In other words, a prospective juror who has heard negative things about the defendant which are outside of the normal proof which we can expect to see at trial presents a special problem. It's not a matter of informing the juror that they are wrong about the law, and asking whether they can accept the law as explained by the court. It's not a matter of the juror expecting certain proof at trial, which we can ask them to set aside. It's a question of negative facts about the defendant which in all likelihood will not be answered or even talked about at trial. These concerns require a more exacting expurgatory oath than is typically required. In a case won by Mary Davison at the Third Department, that court said:

"Moreover, when the prospective juror's bias is based not upon a preexisting opinion as to the defendant's guilt of the crimes charged, but upon the defendant's over-all reputation or prior bad acts, "the evidence at trial might not address the basis of the juror's impression and thus may not alter this impression" (People v Torpey, 63 NY2d 361, 368 [1984]; accord People v Johnson, 94 NY2d 600, 614 [2000]). Under such circumstances, "'the test for whether [the juror's] bias has been overcome by declarations is even stricter than where the juror has expressed an opinion as to the defendant's guilt . . . [T]he prospective juror should be dismissed if there appears to be any possibility that his [or her] impressions . . . might influence [the] verdict'" (People vJohnson, 94 NY2d at 614, quoting People v Torpey, 63 NY2d at 368)."

(People v Wlasiuk,#102275 decided December 29, 2011).

Now, such issues might seem fairly uncommon, but when a potential juror indicates that he has heard of the crime through media coverage, it is worth the time to inquire whether that potential juror has also heard of related background information on the defendant. It is not uncommon for news coverage to review previous crimes the defendant got away with while building up the presumption of guilt as to the current one. If the relevant press coverage of a crime includes, say A) the defendant confessed; B) the defendant's DNA was found at the scene; C) the defendant is known for beating up his ex-girlfriends, it might well be C which presents the most promising avenue for voir dire.

You don't have to be a famous mobster to qualify.

NOTE - The court also noted that a for-cause challenge is possible even after a juror has been sworn: "Once a juror has been sworn, peremptory challenges are no longer available; a challenge for cause is permissible, but only before the first witness is sworn at trial and only "upon a ground not known to the challenging party" before the juror was sworn (CPL 270.15 [4]; see People v Harris, 57 NY2d 335, 349-350 [1982], cert denied 460 US 1047 [1983])."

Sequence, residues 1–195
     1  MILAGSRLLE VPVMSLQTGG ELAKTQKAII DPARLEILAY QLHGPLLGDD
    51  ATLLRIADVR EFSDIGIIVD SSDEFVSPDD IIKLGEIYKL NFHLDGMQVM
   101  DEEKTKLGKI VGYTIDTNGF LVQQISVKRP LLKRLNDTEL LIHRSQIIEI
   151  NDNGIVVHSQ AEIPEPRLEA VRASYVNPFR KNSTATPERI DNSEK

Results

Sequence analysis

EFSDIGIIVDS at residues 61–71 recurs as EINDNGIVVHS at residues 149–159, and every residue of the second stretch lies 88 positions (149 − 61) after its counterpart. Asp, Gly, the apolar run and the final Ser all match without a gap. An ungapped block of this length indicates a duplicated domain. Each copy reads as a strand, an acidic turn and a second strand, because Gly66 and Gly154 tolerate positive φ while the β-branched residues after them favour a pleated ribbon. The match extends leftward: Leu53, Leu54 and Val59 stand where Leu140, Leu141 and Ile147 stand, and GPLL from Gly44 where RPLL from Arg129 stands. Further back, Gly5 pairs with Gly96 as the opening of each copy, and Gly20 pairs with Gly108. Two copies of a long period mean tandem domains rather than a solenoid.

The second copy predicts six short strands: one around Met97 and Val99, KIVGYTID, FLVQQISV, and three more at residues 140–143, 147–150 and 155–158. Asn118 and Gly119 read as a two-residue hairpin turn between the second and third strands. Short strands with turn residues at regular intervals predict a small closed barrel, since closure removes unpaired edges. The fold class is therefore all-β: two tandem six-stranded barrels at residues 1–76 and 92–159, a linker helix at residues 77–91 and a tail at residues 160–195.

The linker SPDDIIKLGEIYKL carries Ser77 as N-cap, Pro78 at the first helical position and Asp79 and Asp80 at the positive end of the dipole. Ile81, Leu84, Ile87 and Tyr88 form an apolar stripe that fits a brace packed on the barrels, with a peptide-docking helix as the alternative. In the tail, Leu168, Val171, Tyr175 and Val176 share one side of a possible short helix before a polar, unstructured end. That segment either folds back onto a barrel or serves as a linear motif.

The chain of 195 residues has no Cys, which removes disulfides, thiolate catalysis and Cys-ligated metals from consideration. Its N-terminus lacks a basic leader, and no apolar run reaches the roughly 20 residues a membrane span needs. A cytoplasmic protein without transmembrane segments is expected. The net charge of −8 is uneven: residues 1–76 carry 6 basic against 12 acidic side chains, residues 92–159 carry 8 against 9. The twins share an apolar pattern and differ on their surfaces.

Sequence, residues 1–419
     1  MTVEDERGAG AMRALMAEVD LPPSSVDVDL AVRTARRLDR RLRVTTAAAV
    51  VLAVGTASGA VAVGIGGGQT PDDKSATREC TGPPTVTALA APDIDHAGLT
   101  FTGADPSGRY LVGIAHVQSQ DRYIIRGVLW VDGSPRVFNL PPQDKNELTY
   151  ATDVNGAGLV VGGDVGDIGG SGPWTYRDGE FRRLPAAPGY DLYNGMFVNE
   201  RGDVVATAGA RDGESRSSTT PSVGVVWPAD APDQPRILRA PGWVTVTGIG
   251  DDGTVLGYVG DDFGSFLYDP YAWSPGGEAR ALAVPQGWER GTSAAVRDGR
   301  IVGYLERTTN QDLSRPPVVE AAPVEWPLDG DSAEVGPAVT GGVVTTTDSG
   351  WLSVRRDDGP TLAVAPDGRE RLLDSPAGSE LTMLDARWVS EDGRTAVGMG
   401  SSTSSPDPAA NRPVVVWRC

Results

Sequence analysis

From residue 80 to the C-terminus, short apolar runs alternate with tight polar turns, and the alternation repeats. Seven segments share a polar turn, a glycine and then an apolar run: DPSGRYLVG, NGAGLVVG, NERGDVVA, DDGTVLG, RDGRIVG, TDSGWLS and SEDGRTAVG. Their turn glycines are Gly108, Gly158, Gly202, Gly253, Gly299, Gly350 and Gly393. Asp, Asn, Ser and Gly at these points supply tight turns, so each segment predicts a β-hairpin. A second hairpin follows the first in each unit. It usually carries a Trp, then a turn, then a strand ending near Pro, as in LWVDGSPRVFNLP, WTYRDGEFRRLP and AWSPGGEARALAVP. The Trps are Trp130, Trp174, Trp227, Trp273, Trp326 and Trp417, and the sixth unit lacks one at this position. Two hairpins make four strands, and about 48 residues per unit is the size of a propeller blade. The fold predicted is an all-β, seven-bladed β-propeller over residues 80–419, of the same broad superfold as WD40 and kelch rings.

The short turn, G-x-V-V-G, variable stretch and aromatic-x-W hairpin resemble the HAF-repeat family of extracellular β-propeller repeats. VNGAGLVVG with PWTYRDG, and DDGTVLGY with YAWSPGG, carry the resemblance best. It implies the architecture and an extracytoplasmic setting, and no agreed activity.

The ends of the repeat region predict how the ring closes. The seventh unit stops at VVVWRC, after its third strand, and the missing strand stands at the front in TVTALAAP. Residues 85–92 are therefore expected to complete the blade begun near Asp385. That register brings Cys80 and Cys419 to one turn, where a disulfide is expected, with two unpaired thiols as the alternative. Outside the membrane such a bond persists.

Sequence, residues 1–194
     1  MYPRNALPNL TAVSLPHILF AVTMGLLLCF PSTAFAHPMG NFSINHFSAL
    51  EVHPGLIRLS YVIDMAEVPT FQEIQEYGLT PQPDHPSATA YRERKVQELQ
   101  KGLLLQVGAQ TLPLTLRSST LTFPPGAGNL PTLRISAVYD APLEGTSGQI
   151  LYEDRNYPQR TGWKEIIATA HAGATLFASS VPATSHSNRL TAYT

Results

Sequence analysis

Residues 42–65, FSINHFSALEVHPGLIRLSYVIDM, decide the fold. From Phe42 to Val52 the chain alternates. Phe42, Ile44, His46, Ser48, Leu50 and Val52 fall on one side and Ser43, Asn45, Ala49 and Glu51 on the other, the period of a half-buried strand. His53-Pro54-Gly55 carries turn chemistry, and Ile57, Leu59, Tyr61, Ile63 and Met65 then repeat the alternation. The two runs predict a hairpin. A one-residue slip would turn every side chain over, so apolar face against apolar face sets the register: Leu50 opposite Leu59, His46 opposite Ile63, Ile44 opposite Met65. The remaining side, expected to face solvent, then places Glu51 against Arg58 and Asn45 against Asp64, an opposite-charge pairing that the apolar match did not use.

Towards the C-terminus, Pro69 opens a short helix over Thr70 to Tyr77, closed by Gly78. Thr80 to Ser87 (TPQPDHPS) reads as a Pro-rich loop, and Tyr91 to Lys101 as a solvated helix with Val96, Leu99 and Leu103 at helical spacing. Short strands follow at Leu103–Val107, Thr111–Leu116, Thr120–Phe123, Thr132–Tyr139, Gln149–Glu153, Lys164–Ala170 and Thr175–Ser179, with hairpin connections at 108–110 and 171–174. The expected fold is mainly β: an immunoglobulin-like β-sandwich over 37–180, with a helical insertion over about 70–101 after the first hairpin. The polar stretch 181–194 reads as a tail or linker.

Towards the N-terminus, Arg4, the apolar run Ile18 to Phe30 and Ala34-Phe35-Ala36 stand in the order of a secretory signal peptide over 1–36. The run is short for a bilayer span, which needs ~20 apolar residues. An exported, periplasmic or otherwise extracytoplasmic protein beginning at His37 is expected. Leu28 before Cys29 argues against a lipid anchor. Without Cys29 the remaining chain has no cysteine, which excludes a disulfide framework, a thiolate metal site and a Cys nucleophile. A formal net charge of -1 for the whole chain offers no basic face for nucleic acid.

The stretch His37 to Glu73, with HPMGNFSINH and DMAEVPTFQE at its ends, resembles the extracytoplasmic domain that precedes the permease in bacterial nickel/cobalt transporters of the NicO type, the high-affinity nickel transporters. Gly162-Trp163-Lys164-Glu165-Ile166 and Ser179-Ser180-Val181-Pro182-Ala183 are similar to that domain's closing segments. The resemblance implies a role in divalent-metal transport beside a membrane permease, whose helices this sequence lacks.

Monday, January 2, 2012

Valid Waiver of Right To Appeal Held Not To Encompass Denial of Youthful Offender Status Not Mentioned at Waiver

In People v Anderson ( 2011 NY Slip Op 09364 [4th Dept 12/23/11]), after holding the that there was a valid waiver of appeal, the Appellate Division, Fourth Department held that
We agree with defendant, however, that the waiver does not encompass his further contention concerning the denial of his request for youthful offender status. No mention of youthful offender status was made before defendant waived his right to appeal during the plea colloquy. Under those circumstances, we conclude that defendant did not knowingly waive his right to appeal with respect to Supreme Court's denial of the request by defendant for youthful offender status at sentencing (see generally People v McCarthy, 83 AD3d 1533, lv denied 17 NY3d 819; People v Fehr, 303 AD2d 1039, lv denied 100 NY2d 538; People v Hendricks, 270 AD2d 944).

The Court then rejected the defendant's contention that the court abused its discretion in denying his request for youthful offender status and declined to exercise our interest of justice jurisdiction to adjudicate him a youthful offender.

The Issuance of an Appearance Ticket Doesn't Not Justify a Search "Incident to Arrest"

A pre-requisite of a valid search incident to arrest, is an arrest. "If there is no arrest, however, there can be no search incident thereto (see People v Evans, 43 NY2d 160, 165-166; People v Erwin, 42 NY2d 1064, 1065)." People v Kalikow (2011 NY Slip Op 09452[4th Dept 12/23/11]). In, Kalikow, the Fourth Department held that where a police officer merely issued an appearance ticket to defendant for violating a municipal open container ordinance and had no intention of performing a custodial arrest, but defendant nevertheless was searched, the search cannot be justified as a search incident to a lawful arrest.

Bullcoming v New Mexico (131 SCt 2705) Applied By the Fourth Department

In recent years, the application of the right to confrontation in the context of laboratory or DNA test evidence has been the subject of much litigation at the United States Supreme Court

In Melendez-Diaz v Massachusetts (129 S.Ct. 2527 [2009]), the Supreme Court held that it violate the right of confrontation for a prosecutor to submit a chemical drug test report without the testimony of a person who performed the test subject to confrontation. Thus, the admission at trial of three sworn “certificates of analysis” or affidavits showing the results of the forensic analysis performed on samples of the seized white powder was reversible error where the analyst did not testify. The Court rejected the ideas that the right to confrontation only applied when the evidence accused someone of a crime or didn’t apply to scientific tests, noting that crime labs have provided unreliable evidence in the past, and said that confrontation would help find the truth.

Then, in Bullcoming v New Mexico (564 U.S. __,131 S.Ct. 2705 [2011]), the Court held that under the confrontation clause “the accused’s right is to be confronted with the analyst who made the certification, unless that analyst is unavailable at trial, and the accused had an opportunity, pretrial, to cross-examine that particular scientist.”